Farmers can store excess livestock feeds for more than one year by adding sugarcane molasses to the silage for preservation.
Molasses, which is a by-product of sugarcane, takes about 18 months to crystalise or turn mouldy. After that period, the sugary substance may not release enough organic acid required to prevent the feeds from rotting.
Nyeri County farmer and molasses supplier Boniface Mwangi said molasses initiate fermentation process, which generates organic acids as a result of microbial anaerobic respiration.
“The presence of oxygen causes decomposition of organic matter. Organic acids produced after fermentation prevents decomposition of the silage. After silage making, the fodder remains fresh and compact with the nutrients intact,” Mwangi said.
Molasses liquid is sprinkled over compacted silage after about 20cm in depth. Apart from the sugar keeping the fodder together, it adds flavor that boosts livestock appetite.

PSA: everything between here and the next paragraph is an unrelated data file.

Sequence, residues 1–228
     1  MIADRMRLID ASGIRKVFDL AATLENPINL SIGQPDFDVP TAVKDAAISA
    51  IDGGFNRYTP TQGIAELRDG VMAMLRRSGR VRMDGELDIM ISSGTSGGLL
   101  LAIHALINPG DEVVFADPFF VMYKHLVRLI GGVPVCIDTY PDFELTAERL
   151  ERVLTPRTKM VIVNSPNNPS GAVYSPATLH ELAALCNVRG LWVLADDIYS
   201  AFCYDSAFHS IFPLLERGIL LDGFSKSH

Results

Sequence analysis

Maize, Napier grass, rice straws and other silage materials are stored in pits dug into the soil. Large polythene bags are packed with the chopped feed to appear like a cylinder. Large heaps can also be stored whereby pits are dug and a polythene lining is laid at the bottom and at the top.
No matter the choice of storage, the pits have to be done under sheds to prevent direct sunlight.
At least 40 litres of the molasses can be added to 1.5 tonnes of silage. At the same time, 20 litres of the molasses have to be diluted by 40 litres of water to reduce the sugar concentration, Mwangi said.
For best results, the fodder must not have more than 70 per cent moisture. In case, for instance the Napier grass has been harvested after rains or from water lodged areas, they have to be wilted a bit. To confirm the moisture is below the required level, a farmer can twist a handful of the material by free hand. If droplets are released, then the moisture content is above the recommended percentage.
Mwangi cautions farmer that after opening the silage, it should be sealed immediately to prevent entry of oxygen. Any entry of oxygen initiates rotting.
Because of the sugary flavour, livestock feed more of the fodder and take in more water, translating to improved milk output.
Silage is used alongside other feed to boost milk production. At the same time, excess feeds can be stored for later use, for instance when it is dry.
PHOTO: Tractor slashing and packaging silage into polythene bag for storage. Addition of molasses increases the shelf-life and the flavour of the silage for better feeding.
PHOTO BY IRISH FARMERS JOURNAL.